So, why all the increased restrictions on prescription drugs, and why would our old pharmacy business model be subject to even more strict guidelines? Would it be possible for Assured’s approach to begin garnering more interest not only from shareholders and larger pharmaceuticals, but also the regulatory agencies? Let’s consider some statistics on the CDC’s website that are a direct result of our current pharmacy business models and guidelines:
- From 1999 to 2008, there was a 300% increase in the number of deaths due to prescription pain killers alone, 14,800 such cases.
- In 2009, the abuse of prescription pain killers accounted for 475,000; double that of five years previously.
- In 2010, approximately 2 million people reported using prescription painkillers for recreational purposes for the first time within the last year. This yields an average of 5,500 per day.
The website goes on to explain that a majority of painkillers are prescribed by dentists, primary care and internal medicine doctors, not specialists. The overall cost to Americans for this prescription drug abuse is over $70 billion per year according to a recent CNN report. Nonetheless, the need for legitimate dispensing of these drugs for chronic conditions, whether in the form of Schedule II, III or IV drugs, is real with millions of Americans suffering from chronic pain and other chronic conditions.
While regulatory agencies and the general public can appreciate Assured Pharmacy’s business model, how has the concept affected the company’s bottom line? With chronic pain therapies garnering over $20 billion annually, the total therapeutic market for chronic conditions is huge. Assured Pharmacy is just beginning to tap into the market with its own unique approach. 2012 sales for year ending December 31st 2012 were $14.1 million with a gross profit of $3.1 million, both down from 2011 sales of $16.4 with a gross profit of $3.2 million. As of December 31st, Assured Pharmacy had cash in the amount of $21,298. However, an unregistered private placement filed on February 13th gave the company an additional $500,000 to fund its operations. In 2012 Assured raised $550,082 through financing activities, as opposed to the $1.2 million it required in 2011, so additional financing in 2012 could be forthcoming but not likely to exceed $1 million, depending on expansion plans. With the regulatory environment getting more burdensome to navigate for pharmacies in general, it remains to be seen as to how this might benefit Assured’s sales as some pharmacies decide to discontinue Schedule II and III drug sales. Regardless, I believe a statement in the company’s 2012 10K is worth noting: “Management believes that our current corporate infrastructure can efficiently support our existing pharmacies and develop three additional new pharmacies per year up to total of twelve operating pharmacies. As a result, we believe that the implementation of our plan to open up to eight additional pharmacies will not require material additional corporate infrastructure”. Last year’s revenue numbers were based on sales generated from its four pharmacies located in Riverside, California; Kirkland, Washington; Gresham, Oregon; and Leawood, Kansas. If the above statement in the 10K holds true, 8 additional pharmacies, once operational and requiring no additional corporate infrastructure, can create solid revenue moving forward, garnering investor and possible M&A attention.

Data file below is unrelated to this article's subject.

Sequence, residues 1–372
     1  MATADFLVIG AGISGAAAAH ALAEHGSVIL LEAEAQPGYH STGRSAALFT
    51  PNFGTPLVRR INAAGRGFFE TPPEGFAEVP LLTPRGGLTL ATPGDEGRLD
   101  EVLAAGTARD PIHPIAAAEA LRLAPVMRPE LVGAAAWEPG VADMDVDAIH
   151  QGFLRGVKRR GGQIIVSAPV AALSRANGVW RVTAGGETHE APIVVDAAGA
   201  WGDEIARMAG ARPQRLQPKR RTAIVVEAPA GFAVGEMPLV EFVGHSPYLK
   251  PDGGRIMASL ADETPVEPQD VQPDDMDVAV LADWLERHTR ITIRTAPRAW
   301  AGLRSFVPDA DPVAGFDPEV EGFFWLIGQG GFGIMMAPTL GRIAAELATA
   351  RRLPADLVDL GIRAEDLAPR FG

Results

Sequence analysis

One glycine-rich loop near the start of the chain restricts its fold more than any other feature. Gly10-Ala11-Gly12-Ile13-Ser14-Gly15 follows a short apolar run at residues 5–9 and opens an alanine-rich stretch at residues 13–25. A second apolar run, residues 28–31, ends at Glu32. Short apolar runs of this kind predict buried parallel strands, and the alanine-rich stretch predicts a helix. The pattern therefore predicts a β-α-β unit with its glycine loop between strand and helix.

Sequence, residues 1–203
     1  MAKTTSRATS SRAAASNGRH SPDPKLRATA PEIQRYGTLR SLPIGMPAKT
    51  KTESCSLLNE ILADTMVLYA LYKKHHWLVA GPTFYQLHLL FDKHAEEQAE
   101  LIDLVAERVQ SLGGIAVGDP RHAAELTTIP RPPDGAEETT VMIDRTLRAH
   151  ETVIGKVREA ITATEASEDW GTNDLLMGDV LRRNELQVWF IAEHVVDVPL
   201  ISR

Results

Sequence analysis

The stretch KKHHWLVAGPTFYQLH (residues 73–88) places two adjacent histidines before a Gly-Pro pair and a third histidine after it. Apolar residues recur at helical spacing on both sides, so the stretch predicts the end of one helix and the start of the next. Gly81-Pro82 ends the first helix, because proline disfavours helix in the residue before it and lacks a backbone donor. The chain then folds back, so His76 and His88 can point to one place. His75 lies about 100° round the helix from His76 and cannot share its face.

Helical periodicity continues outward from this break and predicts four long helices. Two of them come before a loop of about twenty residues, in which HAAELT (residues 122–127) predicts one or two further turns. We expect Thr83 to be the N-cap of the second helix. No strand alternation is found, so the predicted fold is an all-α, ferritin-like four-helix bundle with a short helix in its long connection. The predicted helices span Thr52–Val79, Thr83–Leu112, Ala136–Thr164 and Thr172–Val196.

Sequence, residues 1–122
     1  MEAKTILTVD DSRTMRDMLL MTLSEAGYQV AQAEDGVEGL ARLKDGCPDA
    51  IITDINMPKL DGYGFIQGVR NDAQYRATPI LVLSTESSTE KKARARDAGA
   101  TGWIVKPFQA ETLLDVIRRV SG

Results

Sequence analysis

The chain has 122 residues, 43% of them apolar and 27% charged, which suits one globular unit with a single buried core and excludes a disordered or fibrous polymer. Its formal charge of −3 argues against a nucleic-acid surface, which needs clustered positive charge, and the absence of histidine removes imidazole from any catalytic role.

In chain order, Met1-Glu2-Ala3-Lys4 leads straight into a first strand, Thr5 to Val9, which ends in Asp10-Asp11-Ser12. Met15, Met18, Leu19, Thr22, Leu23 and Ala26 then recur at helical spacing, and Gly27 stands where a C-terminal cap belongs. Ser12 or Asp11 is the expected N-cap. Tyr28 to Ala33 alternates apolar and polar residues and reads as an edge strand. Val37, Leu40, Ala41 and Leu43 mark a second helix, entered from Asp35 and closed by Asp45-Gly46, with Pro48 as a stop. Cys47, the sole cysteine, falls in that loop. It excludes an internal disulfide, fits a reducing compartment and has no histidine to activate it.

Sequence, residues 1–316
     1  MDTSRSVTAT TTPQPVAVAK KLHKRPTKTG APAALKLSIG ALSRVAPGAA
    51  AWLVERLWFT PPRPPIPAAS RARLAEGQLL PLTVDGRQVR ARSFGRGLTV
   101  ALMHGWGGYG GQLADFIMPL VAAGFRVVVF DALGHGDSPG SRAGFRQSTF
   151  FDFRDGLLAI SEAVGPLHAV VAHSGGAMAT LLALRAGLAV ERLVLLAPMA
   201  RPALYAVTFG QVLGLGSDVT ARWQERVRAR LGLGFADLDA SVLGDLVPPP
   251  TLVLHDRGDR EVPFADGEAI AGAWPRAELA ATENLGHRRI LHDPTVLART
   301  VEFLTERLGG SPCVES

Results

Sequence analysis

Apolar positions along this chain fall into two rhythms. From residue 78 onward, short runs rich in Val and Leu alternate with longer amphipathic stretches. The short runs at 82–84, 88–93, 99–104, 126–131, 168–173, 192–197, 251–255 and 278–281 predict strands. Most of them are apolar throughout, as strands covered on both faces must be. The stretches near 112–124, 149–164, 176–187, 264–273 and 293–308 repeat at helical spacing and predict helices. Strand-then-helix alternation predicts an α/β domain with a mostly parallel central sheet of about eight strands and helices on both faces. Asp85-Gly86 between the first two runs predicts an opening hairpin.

Investment consideration in Assured Pharmacy (APHY) should be done only after additional research on the regulatory environment, company share structure, SEC filings, and into the pharmacy industry as a whole with a solid investment plan in place before opening a position of any type. Assured’s current basic market capitalization of $5.18 million or $32.2 million fully diluted market capitalization can make it a volatile and potentially manipulated high-risk investment. Nonetheless, without the risks associated with clinical failures and regulatory rejection as experienced in the high-risk development-phase pharmaceuticals, the rewards could be great if the company grows its pharmacy numbers in the manner mentioned above and if the prescription drug regulatory environment continues to become more restrictive and in need of a better business model. Assured Pharmacy’s business model may very well be “just what the doctor ordered.”
ChemistFrog is a degreed chemist who currently resides in Georgia. He writes predominantly on small capitalization pharmaceutical companies that are undervalued, oversold or trading under the radar. His unique writing style comes from a varied background of his work experiences as a chemist working in food safety, water quality, pesticides, food additives, paints, plastics and pharmaceutical precursors. Initially writing solely for the purpose of performing research for his own investments, ChemistFrog has advanced to writing in many venues including his own website at http://chemistfrog.com, Seeking Alpha, Market Playground and others. ChemistFrog offers a free newsletter that interested readers may subscribe to at his website. Before making any final investment decisions on any company’s presented in ChemistFrog’s writings, we advise you to perform additional research to confirm all facts.